Taking The Plunge: How To Get Into Bike Racing

Bike racing is a fantastic activity, and with the constant influx of new racers joining the sport annually, the sector provides plenty of competition and races to participate in. Even if the industry is pretty supportive of newcomers, your first race can feel pretty intimidating, especially if you’re new to this. 

Pro racers still remember their first races. Most debut during cyclocross championships at young ages and fall in love with the adrenaline they feel during the races. In the beginning, they aren’t interested in pursuing a career in bike racing, but as they gain aptitudes and improve their skills, they consider becoming full-time bike racers. Why do we tell you this? The first races will most likely intimidate you, but so will everyone practicing this sport for the first time.

So, you shouldn’t throw in the towel if your first experience disappoints you. Every racer has been there at some point. Allow yourself to enjoy this fun and healthy sport and the camaraderie between fellow racers. 

This article will help you prepare yourself for your first race. 

Buy your first racing bike

Buying your first racing bike can be a daunting experience. There are many options to choose from and complex jargon used to describe their features so sometimes it’s challenging to know what to look for. A racing bike is an investment piece, and purchasing one needs plenty of consideration. One of the critical things to ask yourself is how much you afford.

Also, what do you want the bike for? Do you plan to participate in a triathlon, race on mountain trails, or other competitions? After you figure these aspects, you can search for a racing bike for sale. You can buy the racing bike in-store or online from a reputable provider. Consider their frames, brakes, groupsets, and tires when checking bikes. 

Pick a race

In road racing, you can choose from several different types of races. Considering you’re new to the sport, it’s best to pick a single-day event like a criterium, road race, or time trial. 

A criterium is a mass start event that implies doing multiple laps over a short internal for a pre-determined amount of time. It allows drafting, but it’s a fast race because it involves short distances and periods.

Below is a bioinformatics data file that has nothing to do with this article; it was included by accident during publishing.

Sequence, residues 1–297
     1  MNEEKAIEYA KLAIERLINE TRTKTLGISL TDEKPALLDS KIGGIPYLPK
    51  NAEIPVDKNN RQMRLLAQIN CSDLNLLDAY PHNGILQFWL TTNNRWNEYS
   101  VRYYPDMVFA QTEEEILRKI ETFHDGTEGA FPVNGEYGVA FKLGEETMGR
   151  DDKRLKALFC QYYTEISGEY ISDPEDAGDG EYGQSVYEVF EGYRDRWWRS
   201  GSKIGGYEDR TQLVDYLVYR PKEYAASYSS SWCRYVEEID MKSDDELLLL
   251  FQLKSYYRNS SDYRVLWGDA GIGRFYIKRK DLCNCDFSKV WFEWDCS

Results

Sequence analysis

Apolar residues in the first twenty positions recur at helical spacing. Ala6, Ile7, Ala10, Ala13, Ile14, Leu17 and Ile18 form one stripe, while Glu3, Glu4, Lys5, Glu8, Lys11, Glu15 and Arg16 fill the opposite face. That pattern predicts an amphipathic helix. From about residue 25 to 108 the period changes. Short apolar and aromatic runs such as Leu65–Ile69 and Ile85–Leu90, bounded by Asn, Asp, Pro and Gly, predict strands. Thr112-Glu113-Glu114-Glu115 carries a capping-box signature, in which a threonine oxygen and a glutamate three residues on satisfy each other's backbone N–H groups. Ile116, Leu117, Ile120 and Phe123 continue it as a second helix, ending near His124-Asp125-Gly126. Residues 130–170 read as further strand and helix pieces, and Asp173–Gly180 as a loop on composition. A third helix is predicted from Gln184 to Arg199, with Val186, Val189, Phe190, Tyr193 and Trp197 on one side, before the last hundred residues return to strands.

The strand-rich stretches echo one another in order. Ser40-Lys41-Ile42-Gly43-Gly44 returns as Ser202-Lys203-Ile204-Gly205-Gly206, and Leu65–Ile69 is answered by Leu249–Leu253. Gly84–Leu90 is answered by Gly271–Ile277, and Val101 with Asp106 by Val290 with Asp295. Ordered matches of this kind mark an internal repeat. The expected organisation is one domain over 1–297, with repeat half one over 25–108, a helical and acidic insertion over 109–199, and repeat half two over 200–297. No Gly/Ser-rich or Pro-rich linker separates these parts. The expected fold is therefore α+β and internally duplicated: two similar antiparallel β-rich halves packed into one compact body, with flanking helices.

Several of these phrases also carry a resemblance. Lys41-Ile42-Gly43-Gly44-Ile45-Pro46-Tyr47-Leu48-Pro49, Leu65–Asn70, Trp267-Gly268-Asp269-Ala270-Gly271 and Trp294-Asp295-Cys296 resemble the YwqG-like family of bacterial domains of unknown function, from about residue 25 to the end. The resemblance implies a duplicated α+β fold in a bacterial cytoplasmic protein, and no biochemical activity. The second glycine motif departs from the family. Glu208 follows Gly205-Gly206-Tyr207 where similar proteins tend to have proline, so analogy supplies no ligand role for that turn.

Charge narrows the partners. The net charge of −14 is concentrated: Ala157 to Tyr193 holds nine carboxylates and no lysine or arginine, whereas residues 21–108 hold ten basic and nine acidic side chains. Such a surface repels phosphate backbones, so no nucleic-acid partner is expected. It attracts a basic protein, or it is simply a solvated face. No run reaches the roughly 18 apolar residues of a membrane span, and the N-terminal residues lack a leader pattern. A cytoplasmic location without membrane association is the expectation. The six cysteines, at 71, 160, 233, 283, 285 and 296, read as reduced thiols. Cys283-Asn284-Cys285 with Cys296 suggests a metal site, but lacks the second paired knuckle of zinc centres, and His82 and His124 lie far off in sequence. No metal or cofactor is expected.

A road race can last a day and is described as a mass start race because all bikers start together. The average road race is typically 30 or 60 miles and consists of one, two, or three loops. Road races allow drafting to work on a tactic to approach the competition. 

Time trials are races against the clock, and you can do it individually or with a partner. Time trials are perfect if you don’t feel comfortable chatting with other racers because the competition doesn’t allow people to draft. Everyone starts on their own and has to prove their fitness level. 

Some events also include hill climbing, so you should check the calendar for local races and read their descriptions to find one you can easily navigate. 

Purchase equipment

Making sure you wear equipment up to the rigours of racing is essential when bike racing, and sadly one of the most overlooked areas by beginners. During your first race, the last thing you need to deal with is a mechanical issue because you neglected to check something. In a criterium, you get a free lap if your bike gets a flat tire, but only if you’re in the last 3 or 5 las of the race.

However, you won’t get the free lap if you experience a mechanical issue due to something you could have caught before the event. So, if you trust your local bike shop, ask them to check your bike before the race and fix any issues.

When you pack the gear for the competition, check every item from the cleats on your shoes to your helmet to ensure that you won’t forget something at home. An essential list of things you need for your first bike race are shoes, a helmet, riding clothes, a riding license, full bottles, and a pump. 

Before heading to the race, check if the bike tires are pumped to the preferred pressure because they make a great difference when cornering. 

Stop procrastinating

If you ask a bike racer their biggest regret, they’ll probably tell you that they waited until they got older to enroll in competitions. They’ve been interested in years but failed to commit to an entire season.

If you feel fit and believe you have the needed skills to do it, don’t wait until you buy a new racing bike or your schedule isn’t so busy. Look for competitions and sign up for the upcoming ones. There’s no time like the present. 

Don’t be intimidated

Do you remember your first high-school day? You probably noticed that your hair wasn’t styled as everyone’s else, or you didn’t have clothes or accessories like those around you. And how smart some of your colleagues seemed when they introduced themselves.

But soon, you realised that there’s little correlation between someone’s abilities and their appearance. Therefore, don’t trick yourself into thinking that bike racing is an elitist sport or listen to everyone who talks about this sport. The best recommendations are dispensed quietly from people who have experience in the industry. 

Race as much as possible

Skill is a huge factor in bike racing as a sport, especially if you prefer flat races. You’ll discover that this sport isn’t similar to doing a triathlon or running a 10k, but to playing basketball. You don’t have to spend countless hours working out and building muscles to become a pro biker. You need to race more to improve your skills. This implies enrolling in all races available in your area.

Also, try to hang out with other racers to learn more about the sport. 

Bike racing is similar to a team sport because the only way to learn the truth about the sport is to join a club and share resources with other people passionate about racing.